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"What you really meant was . . ."

photoactive [PersonRank 10]

Tuesday, July 18, 2006
14 years ago2,385 views

I don't know if this is exactly a feature, or a combination of features, but try a search for [Allen Brinkley]:

google.com/search?hl=en&lr ...

The first result is from the Columbia University website, for Alan (rather than Allen) Brinkley, the university's provost, and the man I was actually looking for.

There's no "Did you mean?", but somehow Google has correctly interpreted the query, even though "Allen" doesn't appear on the Columbia page.

I guess there are three possibilities, or perhaps a combination of them come into play:

1) A number of sites linking to the Columbia page use the word "Allen"
2) Accumulated data from Google searches suggests that people who search for "Allen" may in fact be searching for "Alan". But in that case, why is there no "Did you mean?" Why is Google sure enough of what I'm looking for to give me the right answer?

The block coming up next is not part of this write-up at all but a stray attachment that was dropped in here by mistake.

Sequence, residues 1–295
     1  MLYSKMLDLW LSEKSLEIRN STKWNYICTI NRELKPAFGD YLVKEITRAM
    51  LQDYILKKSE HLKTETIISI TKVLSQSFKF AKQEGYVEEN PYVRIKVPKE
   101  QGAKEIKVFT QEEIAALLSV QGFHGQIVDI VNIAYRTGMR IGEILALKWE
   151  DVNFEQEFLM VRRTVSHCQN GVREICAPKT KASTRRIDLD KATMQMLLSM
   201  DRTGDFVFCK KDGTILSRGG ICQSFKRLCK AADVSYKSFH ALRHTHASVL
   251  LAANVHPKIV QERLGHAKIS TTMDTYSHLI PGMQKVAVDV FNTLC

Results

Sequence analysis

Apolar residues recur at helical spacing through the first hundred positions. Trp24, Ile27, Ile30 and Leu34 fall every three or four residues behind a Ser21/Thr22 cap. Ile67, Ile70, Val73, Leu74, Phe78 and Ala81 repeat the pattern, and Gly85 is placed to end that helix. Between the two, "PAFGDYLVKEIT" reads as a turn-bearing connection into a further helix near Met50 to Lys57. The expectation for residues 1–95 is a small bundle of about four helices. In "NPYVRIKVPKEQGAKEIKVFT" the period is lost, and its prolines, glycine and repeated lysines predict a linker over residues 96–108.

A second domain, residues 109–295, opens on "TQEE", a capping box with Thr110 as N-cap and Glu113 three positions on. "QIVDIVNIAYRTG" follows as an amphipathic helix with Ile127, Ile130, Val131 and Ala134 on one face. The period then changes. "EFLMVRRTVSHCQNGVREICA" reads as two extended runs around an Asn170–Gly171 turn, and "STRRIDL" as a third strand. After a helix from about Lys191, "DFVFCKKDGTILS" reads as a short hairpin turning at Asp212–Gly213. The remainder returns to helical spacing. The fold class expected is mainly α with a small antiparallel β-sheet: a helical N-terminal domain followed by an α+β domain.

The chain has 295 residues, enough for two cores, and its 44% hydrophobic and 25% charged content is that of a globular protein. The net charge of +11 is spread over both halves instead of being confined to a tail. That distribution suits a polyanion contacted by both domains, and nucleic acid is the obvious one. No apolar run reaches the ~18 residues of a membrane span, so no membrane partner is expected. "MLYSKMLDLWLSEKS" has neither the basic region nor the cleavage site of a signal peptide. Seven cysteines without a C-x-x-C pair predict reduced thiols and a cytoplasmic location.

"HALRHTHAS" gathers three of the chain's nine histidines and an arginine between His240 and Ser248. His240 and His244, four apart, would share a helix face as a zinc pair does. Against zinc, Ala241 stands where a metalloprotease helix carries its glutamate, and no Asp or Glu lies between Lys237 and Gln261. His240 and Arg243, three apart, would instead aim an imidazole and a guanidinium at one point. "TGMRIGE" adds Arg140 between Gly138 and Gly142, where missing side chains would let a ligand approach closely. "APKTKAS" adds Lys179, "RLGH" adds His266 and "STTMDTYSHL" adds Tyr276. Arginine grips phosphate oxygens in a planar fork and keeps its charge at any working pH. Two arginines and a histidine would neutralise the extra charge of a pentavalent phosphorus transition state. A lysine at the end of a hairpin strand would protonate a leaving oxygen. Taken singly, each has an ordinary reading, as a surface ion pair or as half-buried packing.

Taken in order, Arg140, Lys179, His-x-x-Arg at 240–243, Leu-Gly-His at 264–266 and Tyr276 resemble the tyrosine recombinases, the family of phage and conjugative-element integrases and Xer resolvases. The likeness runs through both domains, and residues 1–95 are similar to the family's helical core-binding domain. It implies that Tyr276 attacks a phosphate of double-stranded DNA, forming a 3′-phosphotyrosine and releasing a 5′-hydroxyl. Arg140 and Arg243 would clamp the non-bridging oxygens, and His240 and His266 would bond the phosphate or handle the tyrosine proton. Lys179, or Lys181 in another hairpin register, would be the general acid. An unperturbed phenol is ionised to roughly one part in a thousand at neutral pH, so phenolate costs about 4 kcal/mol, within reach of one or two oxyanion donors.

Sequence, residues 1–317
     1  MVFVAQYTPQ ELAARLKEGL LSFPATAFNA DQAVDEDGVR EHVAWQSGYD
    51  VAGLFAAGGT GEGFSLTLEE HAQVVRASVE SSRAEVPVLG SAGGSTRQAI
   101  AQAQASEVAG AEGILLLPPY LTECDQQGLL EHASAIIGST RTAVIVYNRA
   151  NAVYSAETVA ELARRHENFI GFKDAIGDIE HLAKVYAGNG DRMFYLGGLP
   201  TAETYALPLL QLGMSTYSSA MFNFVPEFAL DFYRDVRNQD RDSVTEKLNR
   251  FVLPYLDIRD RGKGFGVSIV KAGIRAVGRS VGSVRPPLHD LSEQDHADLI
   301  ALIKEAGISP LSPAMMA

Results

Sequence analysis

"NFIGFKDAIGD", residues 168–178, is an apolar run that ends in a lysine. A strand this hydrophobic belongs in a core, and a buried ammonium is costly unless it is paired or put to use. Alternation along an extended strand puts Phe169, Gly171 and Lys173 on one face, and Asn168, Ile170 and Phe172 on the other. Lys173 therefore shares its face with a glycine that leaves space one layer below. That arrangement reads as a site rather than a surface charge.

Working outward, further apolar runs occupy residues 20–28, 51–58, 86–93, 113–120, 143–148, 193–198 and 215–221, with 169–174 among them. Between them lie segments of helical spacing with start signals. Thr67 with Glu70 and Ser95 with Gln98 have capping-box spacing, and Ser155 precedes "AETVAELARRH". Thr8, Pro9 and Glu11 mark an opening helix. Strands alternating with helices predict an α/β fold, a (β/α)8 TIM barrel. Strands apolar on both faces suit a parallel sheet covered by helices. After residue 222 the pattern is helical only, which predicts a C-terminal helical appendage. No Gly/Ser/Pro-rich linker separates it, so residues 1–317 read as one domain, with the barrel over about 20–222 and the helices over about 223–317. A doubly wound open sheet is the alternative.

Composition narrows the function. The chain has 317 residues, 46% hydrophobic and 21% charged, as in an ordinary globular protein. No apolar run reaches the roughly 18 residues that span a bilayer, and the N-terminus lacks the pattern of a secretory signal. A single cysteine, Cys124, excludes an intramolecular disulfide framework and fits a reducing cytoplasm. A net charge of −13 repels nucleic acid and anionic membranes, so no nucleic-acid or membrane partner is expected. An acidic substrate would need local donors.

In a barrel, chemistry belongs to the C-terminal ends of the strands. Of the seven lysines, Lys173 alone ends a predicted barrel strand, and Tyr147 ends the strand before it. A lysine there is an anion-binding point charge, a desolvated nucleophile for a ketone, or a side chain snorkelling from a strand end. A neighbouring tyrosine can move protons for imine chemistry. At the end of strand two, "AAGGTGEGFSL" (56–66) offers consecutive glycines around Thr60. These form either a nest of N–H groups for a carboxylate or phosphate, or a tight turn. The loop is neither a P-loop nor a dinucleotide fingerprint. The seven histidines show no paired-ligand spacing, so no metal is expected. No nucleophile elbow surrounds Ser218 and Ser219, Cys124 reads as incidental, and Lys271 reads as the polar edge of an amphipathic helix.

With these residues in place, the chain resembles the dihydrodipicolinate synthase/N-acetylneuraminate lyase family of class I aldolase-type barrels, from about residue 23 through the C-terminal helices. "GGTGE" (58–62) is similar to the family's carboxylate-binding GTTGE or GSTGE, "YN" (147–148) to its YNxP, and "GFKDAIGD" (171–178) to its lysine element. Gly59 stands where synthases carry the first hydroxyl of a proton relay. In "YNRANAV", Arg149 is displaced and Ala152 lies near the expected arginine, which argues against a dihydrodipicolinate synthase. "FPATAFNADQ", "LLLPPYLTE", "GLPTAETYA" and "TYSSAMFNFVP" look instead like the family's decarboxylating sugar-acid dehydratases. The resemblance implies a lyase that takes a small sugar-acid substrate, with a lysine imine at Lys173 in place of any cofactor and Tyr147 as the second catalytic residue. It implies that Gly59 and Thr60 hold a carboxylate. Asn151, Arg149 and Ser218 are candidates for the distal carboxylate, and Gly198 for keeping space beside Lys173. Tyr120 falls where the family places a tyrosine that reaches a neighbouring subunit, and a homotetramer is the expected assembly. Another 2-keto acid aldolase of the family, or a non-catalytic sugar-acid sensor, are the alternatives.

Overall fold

3) The search engine has been programmed with variations of spellings of common names, and brings up the likeliest page, whatever spelling you used

Note that further down the SERPs the name "Allan" appears in bold: again, not what I typed, but Google interprets my search as though I did.

All odd, but however it's managed, it brings up the right result. But how does it work?

photoactive [PersonRank 10]

14 years ago #

Though maybe it has something to do with the fact that Google sees "Allen" and "Allan" as interchangeable, and "Allan" DOES appear on the Columbia page.

photoactive [PersonRank 10]

14 years ago #

Sorry to go on about this, but it is both surprising and nice. No such luck with Yahoo! or MSN:

search.yahoo.com/search?ei=UTF ...
search.msn.com/results.aspx?q= ...

Alan Brinkley, provost of Columbia, doesn't appear on the first page of the SERPs on either search engine, though Yahoo! gets to him through the "Did you mean" feature.

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